Afghan Tim Hortons closure end of an era
Published Monday, November 28, 2011 3:53PM EST
As Tim Hortons closes up shop in Afghanistan, soldiers aren't just losing a chance for their daily double-double, but ordinary Canadians are losing a unique opportunity to give back to the troops.
Wendy Hayward worked at the coffee outlet in Kandahar after her son, Cpl. James Hayward Arnal, 25, was killed in a July 2008 roadside bomb attack.
"James was all about people, his buddies were really important to him. And after I lost him, it was something I could give him without him having to physically be here, so I went and served his buddies," she told CTV News Channel Monday. "I was a part of something greater than myself and it was such a great feeling."
Hayward took early retirement from her Winnipeg job, to take a six-month position at Tim Hortons in Afghanistan in 2010.
"A lot of us would have been there without pay, without question," she said.
Hayward said when she arrived at Kandahar she was worried she would remind soldiers of the "worst-case scenario" but said she was greeted with open arms when they learned she was the mother of a fallen comrade.
"Very quickly in my tour that cup of coffee became a cup of freedom," she said. "I recognized quickly what it meant for the soldiers. It was five minutes of freedom from what they were doing, the heat, and the spiders and snakes.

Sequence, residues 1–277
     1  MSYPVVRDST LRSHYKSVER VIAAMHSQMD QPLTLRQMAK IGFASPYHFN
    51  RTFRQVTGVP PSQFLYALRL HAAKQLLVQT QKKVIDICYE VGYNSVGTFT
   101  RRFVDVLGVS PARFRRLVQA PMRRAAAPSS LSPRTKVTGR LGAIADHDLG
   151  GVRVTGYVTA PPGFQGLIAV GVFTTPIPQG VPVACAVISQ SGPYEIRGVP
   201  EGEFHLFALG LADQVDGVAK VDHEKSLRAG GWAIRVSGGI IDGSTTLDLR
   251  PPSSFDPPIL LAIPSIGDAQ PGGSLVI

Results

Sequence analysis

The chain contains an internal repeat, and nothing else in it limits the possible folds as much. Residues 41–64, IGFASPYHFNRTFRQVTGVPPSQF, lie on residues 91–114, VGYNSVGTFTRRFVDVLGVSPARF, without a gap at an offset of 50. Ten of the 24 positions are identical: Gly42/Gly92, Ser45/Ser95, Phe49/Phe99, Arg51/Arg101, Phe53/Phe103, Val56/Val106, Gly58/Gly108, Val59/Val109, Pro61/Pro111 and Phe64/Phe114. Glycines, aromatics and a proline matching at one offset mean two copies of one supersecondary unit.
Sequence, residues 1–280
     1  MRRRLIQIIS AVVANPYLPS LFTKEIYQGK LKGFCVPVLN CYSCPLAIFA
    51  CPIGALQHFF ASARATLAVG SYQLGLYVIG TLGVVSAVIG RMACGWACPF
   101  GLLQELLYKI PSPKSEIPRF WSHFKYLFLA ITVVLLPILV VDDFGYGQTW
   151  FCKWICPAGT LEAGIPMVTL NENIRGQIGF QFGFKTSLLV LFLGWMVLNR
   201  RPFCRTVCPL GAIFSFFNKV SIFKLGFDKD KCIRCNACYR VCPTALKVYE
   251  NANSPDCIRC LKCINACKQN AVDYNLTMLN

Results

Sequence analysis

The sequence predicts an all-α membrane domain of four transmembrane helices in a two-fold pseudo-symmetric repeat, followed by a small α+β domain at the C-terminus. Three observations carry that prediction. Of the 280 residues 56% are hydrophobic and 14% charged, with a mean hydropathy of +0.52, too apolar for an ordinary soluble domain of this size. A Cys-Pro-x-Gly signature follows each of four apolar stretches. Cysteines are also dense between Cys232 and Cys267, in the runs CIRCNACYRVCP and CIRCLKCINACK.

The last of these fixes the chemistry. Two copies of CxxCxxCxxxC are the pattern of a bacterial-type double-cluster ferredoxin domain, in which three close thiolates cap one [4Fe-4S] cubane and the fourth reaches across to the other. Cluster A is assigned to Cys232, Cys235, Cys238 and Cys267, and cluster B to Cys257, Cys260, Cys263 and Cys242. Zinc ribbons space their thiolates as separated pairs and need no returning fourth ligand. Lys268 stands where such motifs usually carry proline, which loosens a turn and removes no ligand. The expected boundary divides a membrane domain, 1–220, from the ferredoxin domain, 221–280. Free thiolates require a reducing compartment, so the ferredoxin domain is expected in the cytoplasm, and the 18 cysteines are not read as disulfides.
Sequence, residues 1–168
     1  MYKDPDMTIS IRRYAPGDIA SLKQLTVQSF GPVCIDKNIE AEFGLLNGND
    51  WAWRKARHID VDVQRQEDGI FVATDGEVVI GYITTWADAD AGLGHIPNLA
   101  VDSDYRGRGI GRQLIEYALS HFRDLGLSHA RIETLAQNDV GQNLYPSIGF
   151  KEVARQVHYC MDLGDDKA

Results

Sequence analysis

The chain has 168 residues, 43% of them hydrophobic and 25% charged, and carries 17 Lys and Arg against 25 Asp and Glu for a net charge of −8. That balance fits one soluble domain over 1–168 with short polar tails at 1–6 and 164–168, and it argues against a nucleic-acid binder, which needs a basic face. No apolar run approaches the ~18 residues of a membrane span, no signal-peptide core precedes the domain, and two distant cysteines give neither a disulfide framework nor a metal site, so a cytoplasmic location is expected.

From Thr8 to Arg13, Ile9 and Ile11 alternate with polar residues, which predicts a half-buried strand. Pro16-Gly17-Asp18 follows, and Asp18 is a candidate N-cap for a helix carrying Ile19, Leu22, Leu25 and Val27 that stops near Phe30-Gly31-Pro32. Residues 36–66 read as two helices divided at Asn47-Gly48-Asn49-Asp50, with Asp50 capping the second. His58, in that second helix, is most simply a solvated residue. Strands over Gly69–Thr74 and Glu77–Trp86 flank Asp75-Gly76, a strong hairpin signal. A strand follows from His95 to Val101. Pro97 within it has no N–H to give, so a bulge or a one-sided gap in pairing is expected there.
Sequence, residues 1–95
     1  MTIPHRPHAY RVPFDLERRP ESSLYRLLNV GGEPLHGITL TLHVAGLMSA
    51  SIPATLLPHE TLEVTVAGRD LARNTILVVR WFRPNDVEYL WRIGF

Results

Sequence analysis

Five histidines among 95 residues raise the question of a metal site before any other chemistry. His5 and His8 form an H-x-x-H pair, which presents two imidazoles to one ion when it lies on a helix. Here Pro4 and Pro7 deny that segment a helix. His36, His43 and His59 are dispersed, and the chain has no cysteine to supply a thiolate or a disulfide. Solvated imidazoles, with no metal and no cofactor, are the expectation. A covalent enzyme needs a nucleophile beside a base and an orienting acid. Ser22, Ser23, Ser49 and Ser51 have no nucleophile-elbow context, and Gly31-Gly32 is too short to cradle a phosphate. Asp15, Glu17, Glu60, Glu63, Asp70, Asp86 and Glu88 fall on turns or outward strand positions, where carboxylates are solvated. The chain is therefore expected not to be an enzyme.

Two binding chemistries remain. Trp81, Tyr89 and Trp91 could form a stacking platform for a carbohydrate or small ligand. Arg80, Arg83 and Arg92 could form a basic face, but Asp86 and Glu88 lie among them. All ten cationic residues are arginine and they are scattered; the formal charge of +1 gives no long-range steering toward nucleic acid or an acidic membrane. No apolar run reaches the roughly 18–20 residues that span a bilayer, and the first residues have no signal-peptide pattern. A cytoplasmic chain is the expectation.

"Tim Hortons was the heart of Kandahar. People would flock to it."
Hayward broke into tears as she recalled a young man -- she did not know his name -- coming to her on his last day in Afghanistan, and telling her he wouldn't forget her.
"For a split second, I saw James," she said, struggling to keep her composure.
"I knew then that I had accomplished what I set out to do."
Canadian Forces Personnel and Family Support Services operated the shop, with proceeds going to programs for military families.
Canada's combat mission wrapped up in July after almost a decade in Afghanistan. Some troops have remained in the country to train Afghan soldiers.
Over the outlet's five-and-a-half-year run, Tim Hortons did not charge the usual franchising fees and operating costs.
The outlet plans to close down at the end of the month.
During its run, the Tim Hortons served around four million cups of coffee, three million donuts and about half a million iced coffees.
More than 230 people went to work at the base outlet, the company said.